By Sandeep Sahu
It is hard to fault the All Odisha Bus Owners’ Association for threatening to go on a token 24-hour strike on September 29 and follow it up with an indefinite strike from October 7 if Rishav Tripathy, the arrested owner of the ill-fated Maharaja bus that skidded off a bridge near Athmallick on September 9 killing 19, is not released by then.
Soon after meeting Transport minister Ramesh Majhi and handing over a memorandum threatening to take buses off the roads on Monday, Debendra Sahu, secretary of the Association, raised a perfectly valid point. “If a government-run bus meets with an accident, will the police arrest the chairman cum managing director (CMD) of Odisha State Road Transport Corporation (OSRTC)?” he asked. Realising that his department was on a sticky wicket, the minister was quick to lob the ball on to the Home department’s court making it clear that Tripathy had not been arrested under the Motor Vehicles Act.
Assuming that the Association’s claim that everything in the case of the bus – license, road permit, fitness certificate, insurance, pollution certificate etc – were in order, there appears to be precious little rationale for Tripathy’s arrest. After all, how can the owner be held responsible if the driver of his bus flouts elementary safety precautions like driving safe and not using a mobile phone while driving? Especially since the driver of the bus, the obvious culprit in this case, has already been arrested.
The arrest of Tripathy is a classic case of what is known as ‘knee-jerk’ reaction. Lackadaisical at the best of times, our law enforcement agencies have this inexplicable tendency to move from one extreme to another when something like this happens. Had the rule banning use of a mobile phone while driving been enforced strictly, this particular accident would perhaps have never happened in the first place. Thus, in arresting the bus owner, the authorities were essentially trying to cover up their own failures. Mindful of the public outrage over the incident, the authorities were obviously keen to be seen as taking the ‘stringent action’ that they had promised in the wake of the accident.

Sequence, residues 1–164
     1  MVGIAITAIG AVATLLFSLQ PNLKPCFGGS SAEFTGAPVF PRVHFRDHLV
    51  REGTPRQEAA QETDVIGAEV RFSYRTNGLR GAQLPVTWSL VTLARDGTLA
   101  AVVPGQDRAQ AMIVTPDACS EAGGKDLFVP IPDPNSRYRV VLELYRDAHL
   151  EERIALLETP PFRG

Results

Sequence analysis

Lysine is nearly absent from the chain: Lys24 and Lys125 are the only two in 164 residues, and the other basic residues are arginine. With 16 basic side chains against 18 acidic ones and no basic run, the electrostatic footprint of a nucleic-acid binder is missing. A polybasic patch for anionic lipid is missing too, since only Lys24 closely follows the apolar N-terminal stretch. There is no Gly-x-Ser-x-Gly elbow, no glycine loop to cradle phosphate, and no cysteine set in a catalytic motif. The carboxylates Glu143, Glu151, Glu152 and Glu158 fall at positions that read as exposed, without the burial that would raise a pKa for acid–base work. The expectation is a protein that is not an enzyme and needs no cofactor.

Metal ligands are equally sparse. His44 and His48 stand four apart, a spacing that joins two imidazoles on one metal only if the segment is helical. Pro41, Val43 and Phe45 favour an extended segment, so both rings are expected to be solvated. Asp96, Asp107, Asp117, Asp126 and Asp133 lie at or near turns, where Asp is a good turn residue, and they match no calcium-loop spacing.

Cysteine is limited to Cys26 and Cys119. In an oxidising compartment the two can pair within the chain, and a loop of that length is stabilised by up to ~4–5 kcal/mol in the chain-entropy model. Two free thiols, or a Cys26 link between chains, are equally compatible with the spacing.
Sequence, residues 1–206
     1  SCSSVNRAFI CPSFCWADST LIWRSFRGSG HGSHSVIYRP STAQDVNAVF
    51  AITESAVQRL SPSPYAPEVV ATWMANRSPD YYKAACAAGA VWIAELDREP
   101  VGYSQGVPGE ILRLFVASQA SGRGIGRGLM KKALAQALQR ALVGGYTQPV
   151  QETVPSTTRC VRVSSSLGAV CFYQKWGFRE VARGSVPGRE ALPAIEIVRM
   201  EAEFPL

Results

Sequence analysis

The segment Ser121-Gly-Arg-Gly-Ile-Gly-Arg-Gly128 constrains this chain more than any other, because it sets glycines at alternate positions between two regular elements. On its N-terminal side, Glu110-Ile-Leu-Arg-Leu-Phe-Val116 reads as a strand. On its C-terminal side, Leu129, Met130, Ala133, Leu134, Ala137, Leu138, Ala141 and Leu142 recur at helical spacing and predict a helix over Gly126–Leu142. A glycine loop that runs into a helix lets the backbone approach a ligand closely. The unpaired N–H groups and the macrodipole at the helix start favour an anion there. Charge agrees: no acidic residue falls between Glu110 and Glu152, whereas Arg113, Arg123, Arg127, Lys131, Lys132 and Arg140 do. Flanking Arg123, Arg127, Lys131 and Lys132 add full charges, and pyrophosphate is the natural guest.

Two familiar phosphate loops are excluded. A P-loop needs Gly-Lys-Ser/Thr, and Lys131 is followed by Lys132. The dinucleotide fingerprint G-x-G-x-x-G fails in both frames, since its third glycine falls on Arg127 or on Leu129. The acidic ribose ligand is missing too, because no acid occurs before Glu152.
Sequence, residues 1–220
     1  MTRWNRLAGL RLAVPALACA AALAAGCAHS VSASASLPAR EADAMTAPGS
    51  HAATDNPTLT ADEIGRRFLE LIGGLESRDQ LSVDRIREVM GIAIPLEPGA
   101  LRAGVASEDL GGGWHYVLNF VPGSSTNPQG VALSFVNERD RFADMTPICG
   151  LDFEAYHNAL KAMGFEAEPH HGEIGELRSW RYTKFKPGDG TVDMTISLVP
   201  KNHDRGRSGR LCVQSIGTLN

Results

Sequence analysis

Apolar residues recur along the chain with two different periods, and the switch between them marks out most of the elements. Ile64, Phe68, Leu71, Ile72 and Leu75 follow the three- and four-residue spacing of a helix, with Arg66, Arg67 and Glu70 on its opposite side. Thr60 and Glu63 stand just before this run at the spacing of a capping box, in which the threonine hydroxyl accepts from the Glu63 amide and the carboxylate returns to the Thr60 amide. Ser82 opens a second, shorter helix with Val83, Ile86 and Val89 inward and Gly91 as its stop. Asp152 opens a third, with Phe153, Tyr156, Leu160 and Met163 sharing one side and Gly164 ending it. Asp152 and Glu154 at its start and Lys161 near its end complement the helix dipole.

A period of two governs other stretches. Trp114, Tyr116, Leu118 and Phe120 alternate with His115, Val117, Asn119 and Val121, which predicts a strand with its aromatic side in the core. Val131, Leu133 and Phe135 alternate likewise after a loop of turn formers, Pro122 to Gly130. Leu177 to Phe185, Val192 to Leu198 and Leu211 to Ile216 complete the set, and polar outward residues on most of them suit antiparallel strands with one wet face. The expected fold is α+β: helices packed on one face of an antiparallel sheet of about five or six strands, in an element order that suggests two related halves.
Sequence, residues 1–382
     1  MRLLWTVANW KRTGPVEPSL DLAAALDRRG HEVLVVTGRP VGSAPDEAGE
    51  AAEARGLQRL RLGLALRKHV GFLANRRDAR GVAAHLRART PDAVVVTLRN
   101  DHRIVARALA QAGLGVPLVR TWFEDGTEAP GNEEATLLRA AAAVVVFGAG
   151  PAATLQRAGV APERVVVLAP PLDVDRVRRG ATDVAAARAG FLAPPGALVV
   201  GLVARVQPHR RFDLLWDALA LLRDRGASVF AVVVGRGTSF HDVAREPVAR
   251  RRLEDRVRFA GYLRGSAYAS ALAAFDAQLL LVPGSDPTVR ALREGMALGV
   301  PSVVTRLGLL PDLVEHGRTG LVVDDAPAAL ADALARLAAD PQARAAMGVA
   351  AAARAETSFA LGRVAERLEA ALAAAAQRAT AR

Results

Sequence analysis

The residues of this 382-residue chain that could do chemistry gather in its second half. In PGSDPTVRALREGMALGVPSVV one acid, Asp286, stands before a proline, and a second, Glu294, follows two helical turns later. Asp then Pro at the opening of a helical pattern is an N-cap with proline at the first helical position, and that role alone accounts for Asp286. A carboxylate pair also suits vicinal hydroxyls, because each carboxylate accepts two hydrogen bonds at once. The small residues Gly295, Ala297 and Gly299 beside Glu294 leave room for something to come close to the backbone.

Tripathy was presumably arrested on the principle of ‘vicarious liability’, defined as the responsibility of the superior for the acts of their subordinate, or, in a broader sense, the responsibility of any third party that had the “right, ability or duty to control”. But this principle cannot be applied selectively. If it has to be applied, it must be applied uniformly and in all such cases. Thus, if school children die or are seriously injured due to a wall collapse in the school premises – as it happened in Satyabadi recently – the concerned inspector of schools or may be even the School & Mass Education secretary should be arrested. If a patient gets killed or is injured when a part of the roof caves in or a ceiling fan falls on him, the concerned CDMO/the secretary of the Health department must be arrested.
Tripathy, in all probability, would secure a bail soon and the proposed bus strike may never really materialise. It is entirely possible that the government may decide that the ‘purpose’ had already been served (sending out a message that it had taken ‘stringent action’) and not contest his bail plea with the required vigorousness. But the lesson that the government must learn from this episode is that its action must be backed by reason and rationale and not be guided by whimsy or caprice.